According to the Pew Research Center, about one-third of all children in the US are being raised in households with unmarried parents (most of them single mothers). And, though it’s surprisingly difficult to find trustworthy statistics, estimates suggest that a staggering percentage of men (70–80%) serving time in prison come from single-parent homes. Of course, many other factors—poverty, race, etc.—play into these statistics; but fatherlessness should not be dismissed as a minor issue. Indeed, even in the best of situations, men are struggling—to find employment or even to finish college. Though not typical, I will never forget the gangbanger (his name was Darrien) who came to class one day after having missed a session: he’d spent two days in the hospital with five gunshot wounds. He didn’t finish the course. I don’t know what happened to him, but I’m not optimistic.


Given the epidemic of fatherlessness and the attendant unregenerated father-imago that haunts western civilization at the moment (the father portrayed as the idiot in every TV sitcom surely is symptomatic of such a development) it is no wonder that Jordan Peterson has attracted the interest of so many young men. From my perspective, Peterson’s message to young men is pretty standard dad advice, telling them, “You’ll struggle, but that’s how it goes. Work hard, be honest. Don’t complain.” Of course, with so many dads in absentia, it’s no wonder Peterson became a phenomenon and his advice cause for scandal.


This father-imago, though, is even more complicated. As Adam DeVille describes in his forthcoming book, The Crucifixion of the Church, the Catholic imaginary needs to come to terms with the father-imago in a very real way. He writes,

When Christ says “call no man father,” for we have but one father and he is in heaven dwelling invisibly, I would argue that Christ (long before Freud) was aware of the dangers of human psychology. Those dangers are such that we need to be extremely careful about projecting on to God the Father images and expectations from our early experience of “fathers,” whether biological or ecclesial. It is too easy for the mind, often in unconscious ways we rarely come to perceive (except, as Freud would later suggest, largely through our repeated, and typically unhealthy, actions[1]), to subtly equate parts of our earthly paternal experiences with expectations of how our heavenly Father is and how He treats us.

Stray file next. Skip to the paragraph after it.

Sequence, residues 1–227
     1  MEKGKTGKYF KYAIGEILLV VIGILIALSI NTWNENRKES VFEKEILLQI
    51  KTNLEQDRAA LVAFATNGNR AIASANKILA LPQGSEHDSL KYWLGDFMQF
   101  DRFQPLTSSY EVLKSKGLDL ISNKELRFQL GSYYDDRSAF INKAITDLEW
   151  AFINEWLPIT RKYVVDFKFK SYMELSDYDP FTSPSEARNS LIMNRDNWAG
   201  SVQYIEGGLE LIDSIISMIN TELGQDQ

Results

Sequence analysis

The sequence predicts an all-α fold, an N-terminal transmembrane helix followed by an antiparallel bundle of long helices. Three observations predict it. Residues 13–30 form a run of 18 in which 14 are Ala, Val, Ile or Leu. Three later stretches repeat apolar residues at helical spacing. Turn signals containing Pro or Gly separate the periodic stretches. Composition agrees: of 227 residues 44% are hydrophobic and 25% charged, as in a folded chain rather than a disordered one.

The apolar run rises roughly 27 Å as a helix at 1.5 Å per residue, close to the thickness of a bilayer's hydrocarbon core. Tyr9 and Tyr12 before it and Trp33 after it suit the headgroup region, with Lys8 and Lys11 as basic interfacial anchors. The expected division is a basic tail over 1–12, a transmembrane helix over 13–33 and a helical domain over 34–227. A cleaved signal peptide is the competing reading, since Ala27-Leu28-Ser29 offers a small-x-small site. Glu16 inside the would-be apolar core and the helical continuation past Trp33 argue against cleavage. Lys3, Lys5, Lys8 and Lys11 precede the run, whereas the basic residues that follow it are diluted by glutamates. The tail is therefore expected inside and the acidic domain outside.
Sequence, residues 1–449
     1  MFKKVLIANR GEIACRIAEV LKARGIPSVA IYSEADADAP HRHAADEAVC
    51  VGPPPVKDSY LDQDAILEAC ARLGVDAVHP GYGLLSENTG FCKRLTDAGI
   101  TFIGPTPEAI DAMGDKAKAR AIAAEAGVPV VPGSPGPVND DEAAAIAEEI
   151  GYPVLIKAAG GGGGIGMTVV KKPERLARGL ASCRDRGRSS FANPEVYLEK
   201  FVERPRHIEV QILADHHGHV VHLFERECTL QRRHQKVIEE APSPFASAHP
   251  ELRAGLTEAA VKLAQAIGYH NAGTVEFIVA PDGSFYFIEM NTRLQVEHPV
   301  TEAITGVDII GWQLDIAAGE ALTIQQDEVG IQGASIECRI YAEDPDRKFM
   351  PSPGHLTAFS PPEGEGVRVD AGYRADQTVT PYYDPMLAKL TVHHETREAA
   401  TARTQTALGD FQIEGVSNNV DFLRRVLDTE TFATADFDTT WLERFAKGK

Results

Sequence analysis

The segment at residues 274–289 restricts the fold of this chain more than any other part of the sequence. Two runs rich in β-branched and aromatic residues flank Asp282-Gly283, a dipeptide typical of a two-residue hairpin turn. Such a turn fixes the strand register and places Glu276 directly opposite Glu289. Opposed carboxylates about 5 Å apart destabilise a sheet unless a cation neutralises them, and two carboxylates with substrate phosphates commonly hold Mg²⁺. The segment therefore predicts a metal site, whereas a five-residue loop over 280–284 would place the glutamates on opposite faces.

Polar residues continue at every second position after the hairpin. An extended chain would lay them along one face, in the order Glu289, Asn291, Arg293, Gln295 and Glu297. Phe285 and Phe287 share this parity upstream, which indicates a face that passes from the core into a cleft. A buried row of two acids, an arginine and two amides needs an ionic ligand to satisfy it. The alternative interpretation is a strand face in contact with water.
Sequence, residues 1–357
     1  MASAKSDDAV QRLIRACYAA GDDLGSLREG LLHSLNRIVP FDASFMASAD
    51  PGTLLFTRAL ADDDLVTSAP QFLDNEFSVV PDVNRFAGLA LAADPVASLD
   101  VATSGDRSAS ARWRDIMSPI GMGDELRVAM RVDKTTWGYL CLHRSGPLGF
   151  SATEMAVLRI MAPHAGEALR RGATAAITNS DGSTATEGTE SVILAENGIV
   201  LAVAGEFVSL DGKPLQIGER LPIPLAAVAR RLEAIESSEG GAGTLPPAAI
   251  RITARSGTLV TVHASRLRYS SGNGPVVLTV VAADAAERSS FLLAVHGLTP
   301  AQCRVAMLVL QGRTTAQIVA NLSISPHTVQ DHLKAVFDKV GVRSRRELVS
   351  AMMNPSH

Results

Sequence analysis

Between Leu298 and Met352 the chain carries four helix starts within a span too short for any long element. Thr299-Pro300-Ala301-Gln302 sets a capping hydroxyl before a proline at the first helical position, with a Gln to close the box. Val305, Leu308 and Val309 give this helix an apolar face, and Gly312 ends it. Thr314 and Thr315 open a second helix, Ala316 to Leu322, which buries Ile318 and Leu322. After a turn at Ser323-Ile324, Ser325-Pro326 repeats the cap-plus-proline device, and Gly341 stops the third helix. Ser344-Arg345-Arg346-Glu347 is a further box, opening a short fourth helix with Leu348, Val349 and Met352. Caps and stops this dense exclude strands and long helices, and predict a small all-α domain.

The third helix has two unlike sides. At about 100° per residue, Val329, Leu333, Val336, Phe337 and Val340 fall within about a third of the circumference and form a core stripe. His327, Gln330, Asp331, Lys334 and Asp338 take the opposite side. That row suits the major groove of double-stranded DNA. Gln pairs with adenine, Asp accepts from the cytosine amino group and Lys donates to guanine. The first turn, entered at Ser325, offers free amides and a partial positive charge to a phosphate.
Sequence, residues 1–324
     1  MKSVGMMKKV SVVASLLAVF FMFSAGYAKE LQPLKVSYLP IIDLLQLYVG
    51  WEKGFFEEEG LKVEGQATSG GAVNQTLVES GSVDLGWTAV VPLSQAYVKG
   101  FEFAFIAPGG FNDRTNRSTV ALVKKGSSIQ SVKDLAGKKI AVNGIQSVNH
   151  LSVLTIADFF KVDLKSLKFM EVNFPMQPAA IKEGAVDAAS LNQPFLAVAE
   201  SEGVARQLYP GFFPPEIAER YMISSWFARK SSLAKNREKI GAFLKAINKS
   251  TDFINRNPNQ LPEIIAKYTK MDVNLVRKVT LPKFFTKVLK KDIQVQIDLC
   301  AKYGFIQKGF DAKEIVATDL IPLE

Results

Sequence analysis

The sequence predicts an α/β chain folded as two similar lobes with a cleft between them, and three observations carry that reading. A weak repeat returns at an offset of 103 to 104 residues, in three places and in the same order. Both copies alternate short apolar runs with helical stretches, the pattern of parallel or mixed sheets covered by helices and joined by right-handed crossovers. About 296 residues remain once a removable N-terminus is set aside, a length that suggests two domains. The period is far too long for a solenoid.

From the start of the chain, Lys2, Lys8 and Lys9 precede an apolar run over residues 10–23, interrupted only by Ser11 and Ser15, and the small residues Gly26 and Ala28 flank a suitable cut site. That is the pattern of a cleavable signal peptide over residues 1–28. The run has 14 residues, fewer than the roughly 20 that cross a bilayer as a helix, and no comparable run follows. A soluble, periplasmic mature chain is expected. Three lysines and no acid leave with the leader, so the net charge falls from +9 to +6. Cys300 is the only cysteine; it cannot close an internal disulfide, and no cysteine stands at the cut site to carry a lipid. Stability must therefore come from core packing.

What we need now more than ever is for the Church to be purified and purged of paternalistic titles, images, and practices; we need a campaign of welcome and necessary iconoclasm, dismantling false images and powerful pretentions of popes and other papas or fathers in the Catholic imaginary, but also directly in the governance of the Church. Here, to be sure, I am not talking about their vital sacramental role—in, e.g., celebrating the Eucharist, or forgiving sins, or in ordinations—but rather the psychological role they play in the Catholic imaginary. Their sacramental role is integral to the Church’s very nature and cannot be touched.[2]

So, it seems that we have a seriously compromised father-imago in our culture (and I think the Catholic Church is the palimpsest of our culture, whether we like it or not). All around us, we see the unhealthy consequences of fatherlessness and the projection of that lack onto false fathers. I understand that there is no easy resolution of this complex. So much needs untangling. This crisis looks us in the face everywhere. But I don’t think we see it.



[1] See his essay “Remembering, Repeating, and Working Through” in vol. 12 of the Strachey Standard Edition (1950): 145-57. The original was published in 1914.


[2] Adam A.J. DeVille, The Crucifixion of the Church: Clericalism, Scandal, and the Hope for Renewal (Angelico, 2019).


Michael can be reached at director@thecenterforsophiologicalstudies.com See also The Center for Sophiological Studies' available courses.